So what’s all the commotion?  Let’s backtrack to Monday April 15th.  That’s when the unthinkable tragedy at the Boston Marathon occurred.  Like 9/11, the entire nation stopped what they were doing and helplessly watched in horror after the improvised bombs went off.  This is such a huge sporting event, and even though I now live in Wisconsin and am originally from Florida, I knew people at the Boston Marathon.  I’m really happy and grateful that none were injured in the attack.  For the rest of the day and night we were all glued to the coverage about the terrorist attack on innocent people.

There were two college kids at Emerson College in Boston, Nick Reynolds and Chris Dobens, who felt just as helpless.  They lived nearby and this really was an emotional time for them.  They were going to go down to the Boston Marathon and were warned to stay away, and then were just stuck watching the coverage from their dorm room.  They felt that they had to do something to counteract the helplessness they felt.  But what?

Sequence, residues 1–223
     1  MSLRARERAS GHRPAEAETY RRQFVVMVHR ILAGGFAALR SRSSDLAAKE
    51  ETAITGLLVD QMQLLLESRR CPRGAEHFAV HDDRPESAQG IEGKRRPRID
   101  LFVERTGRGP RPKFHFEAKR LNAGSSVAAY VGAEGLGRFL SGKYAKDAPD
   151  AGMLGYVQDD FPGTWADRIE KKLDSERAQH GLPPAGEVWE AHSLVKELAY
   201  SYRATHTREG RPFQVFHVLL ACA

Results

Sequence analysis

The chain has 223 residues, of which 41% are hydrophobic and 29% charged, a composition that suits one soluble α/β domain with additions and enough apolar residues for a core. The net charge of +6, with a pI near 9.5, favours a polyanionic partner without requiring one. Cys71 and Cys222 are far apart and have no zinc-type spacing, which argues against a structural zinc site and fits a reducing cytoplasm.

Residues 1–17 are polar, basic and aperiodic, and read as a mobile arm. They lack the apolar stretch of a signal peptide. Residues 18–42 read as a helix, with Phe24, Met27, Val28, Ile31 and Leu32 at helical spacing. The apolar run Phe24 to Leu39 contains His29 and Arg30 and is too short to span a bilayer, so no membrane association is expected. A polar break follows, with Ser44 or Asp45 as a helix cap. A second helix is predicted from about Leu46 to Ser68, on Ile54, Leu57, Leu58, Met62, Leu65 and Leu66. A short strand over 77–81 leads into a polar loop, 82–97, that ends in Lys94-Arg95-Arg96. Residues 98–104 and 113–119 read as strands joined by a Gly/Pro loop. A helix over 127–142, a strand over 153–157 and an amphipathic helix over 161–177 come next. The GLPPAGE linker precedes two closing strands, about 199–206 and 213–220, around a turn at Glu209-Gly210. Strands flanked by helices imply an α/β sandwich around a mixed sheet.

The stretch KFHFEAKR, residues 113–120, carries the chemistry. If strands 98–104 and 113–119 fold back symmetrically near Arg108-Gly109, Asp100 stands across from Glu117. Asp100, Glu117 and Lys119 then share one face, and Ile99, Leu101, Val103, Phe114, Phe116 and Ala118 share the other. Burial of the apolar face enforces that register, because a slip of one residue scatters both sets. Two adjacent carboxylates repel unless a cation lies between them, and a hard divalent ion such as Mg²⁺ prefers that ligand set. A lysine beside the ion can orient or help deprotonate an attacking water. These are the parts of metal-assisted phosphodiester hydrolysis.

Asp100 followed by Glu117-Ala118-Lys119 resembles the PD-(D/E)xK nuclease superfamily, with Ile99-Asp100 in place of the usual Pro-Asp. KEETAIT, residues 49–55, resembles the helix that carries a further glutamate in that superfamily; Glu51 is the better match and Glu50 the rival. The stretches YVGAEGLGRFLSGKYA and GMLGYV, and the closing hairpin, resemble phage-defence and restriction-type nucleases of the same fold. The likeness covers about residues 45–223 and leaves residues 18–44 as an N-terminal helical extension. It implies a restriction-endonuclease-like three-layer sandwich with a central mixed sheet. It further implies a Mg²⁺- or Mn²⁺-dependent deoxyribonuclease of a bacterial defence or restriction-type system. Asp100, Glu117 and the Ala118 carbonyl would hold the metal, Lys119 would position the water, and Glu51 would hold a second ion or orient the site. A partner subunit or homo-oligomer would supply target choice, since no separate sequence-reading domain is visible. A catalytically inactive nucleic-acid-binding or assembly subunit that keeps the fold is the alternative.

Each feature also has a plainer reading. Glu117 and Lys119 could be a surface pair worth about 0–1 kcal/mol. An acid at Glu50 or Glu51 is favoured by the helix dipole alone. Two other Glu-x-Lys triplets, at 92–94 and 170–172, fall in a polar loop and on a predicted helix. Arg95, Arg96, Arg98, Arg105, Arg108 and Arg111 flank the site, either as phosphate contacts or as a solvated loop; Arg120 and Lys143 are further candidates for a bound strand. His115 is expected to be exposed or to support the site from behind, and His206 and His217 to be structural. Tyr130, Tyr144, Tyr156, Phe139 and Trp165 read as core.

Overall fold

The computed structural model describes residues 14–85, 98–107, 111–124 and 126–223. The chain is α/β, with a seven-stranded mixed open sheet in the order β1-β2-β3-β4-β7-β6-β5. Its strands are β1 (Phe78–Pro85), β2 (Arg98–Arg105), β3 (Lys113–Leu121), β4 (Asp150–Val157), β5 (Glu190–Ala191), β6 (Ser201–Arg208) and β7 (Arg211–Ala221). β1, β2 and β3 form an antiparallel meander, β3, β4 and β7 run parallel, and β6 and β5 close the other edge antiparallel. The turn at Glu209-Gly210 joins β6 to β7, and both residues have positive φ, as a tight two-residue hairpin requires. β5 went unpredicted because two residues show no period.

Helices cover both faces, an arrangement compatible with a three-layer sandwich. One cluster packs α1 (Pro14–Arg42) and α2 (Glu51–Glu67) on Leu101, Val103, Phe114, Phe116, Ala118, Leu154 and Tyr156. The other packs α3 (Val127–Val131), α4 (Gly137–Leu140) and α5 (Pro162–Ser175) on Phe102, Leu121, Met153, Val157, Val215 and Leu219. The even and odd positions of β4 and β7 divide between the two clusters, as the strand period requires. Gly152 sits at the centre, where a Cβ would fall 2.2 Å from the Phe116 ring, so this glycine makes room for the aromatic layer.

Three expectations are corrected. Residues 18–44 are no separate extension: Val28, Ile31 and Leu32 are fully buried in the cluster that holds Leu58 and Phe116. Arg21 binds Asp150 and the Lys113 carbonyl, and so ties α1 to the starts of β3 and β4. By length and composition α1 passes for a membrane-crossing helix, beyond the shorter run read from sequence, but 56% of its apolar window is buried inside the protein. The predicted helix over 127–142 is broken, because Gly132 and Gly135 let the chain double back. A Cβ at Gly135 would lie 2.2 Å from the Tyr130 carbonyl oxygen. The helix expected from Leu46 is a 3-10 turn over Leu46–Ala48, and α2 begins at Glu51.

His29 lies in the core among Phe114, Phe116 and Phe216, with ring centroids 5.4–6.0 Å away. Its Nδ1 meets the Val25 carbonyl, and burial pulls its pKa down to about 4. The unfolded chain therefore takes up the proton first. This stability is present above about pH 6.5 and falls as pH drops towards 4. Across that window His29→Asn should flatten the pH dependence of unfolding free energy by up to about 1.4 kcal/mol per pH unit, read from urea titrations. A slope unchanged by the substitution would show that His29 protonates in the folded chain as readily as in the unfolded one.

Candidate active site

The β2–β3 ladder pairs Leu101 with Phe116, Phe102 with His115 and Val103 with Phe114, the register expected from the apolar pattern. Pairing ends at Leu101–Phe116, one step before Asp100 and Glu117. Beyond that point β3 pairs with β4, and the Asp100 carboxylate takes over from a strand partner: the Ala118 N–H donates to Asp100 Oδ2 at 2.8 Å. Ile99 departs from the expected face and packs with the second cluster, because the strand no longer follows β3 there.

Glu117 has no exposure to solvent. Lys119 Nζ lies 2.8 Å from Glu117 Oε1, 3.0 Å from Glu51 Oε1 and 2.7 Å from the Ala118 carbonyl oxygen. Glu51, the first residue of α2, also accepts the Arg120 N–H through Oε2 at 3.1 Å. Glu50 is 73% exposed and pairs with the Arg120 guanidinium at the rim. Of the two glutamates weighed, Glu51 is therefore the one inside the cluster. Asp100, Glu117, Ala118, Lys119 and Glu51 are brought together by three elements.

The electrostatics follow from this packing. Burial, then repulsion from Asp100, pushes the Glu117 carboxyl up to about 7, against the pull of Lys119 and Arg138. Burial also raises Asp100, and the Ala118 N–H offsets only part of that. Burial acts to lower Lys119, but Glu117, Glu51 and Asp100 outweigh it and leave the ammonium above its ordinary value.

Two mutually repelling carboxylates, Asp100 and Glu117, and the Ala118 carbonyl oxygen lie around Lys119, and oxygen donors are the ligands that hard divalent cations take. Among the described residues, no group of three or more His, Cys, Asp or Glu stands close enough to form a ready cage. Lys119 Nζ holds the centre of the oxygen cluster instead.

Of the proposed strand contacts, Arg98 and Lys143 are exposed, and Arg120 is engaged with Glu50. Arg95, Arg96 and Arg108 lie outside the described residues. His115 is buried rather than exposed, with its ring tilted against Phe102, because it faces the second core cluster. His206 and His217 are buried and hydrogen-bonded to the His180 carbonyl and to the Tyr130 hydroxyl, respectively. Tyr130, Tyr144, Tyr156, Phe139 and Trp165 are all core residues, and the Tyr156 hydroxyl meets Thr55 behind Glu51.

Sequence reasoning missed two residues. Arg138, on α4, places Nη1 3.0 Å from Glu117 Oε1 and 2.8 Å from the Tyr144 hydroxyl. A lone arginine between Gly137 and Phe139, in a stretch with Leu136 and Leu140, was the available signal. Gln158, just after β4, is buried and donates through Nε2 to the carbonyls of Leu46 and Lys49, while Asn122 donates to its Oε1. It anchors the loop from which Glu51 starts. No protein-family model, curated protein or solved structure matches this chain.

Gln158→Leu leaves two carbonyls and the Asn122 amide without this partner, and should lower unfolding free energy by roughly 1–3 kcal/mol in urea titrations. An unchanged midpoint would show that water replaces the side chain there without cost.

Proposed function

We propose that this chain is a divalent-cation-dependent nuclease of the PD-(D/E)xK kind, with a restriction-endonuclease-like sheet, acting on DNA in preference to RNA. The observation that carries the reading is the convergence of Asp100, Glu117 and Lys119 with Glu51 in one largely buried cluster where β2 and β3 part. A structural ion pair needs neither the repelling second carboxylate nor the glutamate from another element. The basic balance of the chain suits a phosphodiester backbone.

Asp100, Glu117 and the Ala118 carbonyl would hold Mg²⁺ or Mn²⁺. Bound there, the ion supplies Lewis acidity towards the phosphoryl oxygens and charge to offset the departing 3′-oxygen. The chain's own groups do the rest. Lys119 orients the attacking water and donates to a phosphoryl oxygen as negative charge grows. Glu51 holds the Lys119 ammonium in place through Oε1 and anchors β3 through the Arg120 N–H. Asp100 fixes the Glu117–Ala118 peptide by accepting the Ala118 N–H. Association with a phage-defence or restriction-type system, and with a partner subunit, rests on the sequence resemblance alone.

They decided to raise money for the victims.  Searching online they found Ink to the People (www.inktothepeople) and created their simple, but striking royal blue with gold t-shirt “Boston Strong”.  They coined the term.  (Think about that)  Using the design tools on the website, they finished their design and uploaded it to the web. (  Then they pushed it out to their friends, families and fellow students at Emerson.  They hoped to sell 110 shirts at $20 each, and they were going to donate the proceeds to whatever official charity came out of the tragedy.  When they started, one hadn’t been created yet – but they knew one would be.  Sadly, we’ve been down this road before.